A Clicking Hard Drive
First, we need to differentiate between a few distinct types of hard drives sounds. There is the normal hum of the hard drive and the occasional increase of that hum when the system is being taxed (like when playing games or editing video). Over time, that smooth hum can sometimes start to sound like a faint series of very fast clicks, indication that the computer is thinking.
Louder clicks are usually not a good sign. If you turn on your computer and just hear a series of loud clicks, that is oftentimes indicative of a physical hard drive failure. This happens more often than we would like to believe; therefore, it’s always smart to regularly back up you important information. If your computer has loud clicks coming from the hard drive, chances are that you will not be able to load the operating system; although sometimes, loud sounds begin as the hard drive is in the process of dying.
Now, there is a third type of click that usually manifests itself when the Macbook is moved quickly when turned on or dropped. This is a single, fairly loud click. It is a normal sound for an Apple notebook and an important safety feature.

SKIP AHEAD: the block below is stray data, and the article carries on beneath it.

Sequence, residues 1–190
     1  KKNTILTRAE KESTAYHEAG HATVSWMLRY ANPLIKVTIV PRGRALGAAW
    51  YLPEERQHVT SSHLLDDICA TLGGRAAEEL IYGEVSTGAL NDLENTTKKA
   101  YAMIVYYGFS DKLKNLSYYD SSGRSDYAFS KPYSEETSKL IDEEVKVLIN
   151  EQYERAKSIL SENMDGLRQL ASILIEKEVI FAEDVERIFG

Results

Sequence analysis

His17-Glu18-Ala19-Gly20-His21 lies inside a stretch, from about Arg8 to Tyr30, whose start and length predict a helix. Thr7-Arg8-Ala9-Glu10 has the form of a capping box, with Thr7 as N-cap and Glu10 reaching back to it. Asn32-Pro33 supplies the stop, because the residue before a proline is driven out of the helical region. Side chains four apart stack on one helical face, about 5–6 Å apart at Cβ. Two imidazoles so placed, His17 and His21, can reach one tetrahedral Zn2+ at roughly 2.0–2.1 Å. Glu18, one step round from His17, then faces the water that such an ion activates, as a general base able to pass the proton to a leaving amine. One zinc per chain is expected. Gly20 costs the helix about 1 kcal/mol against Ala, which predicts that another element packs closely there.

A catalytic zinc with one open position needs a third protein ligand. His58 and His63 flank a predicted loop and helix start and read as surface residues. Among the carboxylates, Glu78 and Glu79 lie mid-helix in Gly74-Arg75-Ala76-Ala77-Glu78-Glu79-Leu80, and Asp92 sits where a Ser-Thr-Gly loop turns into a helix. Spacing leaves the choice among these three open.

Apple uses a certain hard drive management in all of their portable notebooks called Sudden Motion Sensing (SMS) technology. Its purpose is to protect the hard drive from physical damage in the even that the notebook is dropped or hit hard. This is basically an accelerometer (like in the iPhone) that senses fast, jarring movements.
SMS is enabled by default in Mac OS X and when it is activated by a bump or drop, the user will hear a loud click from the hard drive. This is the sound of the hard drive heads being parked to prevent damage to the hard drive. Most physical hard drive failure occurs because the hard drive heads get damaged or set out of place. By parking the heads, the SMS technology reduces the risk of this happening.
When this occurs, usually there is no effect on the system’s stability. The only time the parking of a hard drive’s heads could cause issues is if the notebook is in the middle of doing something critical to the system, like booting up or installing a program. Usually, this is not the case.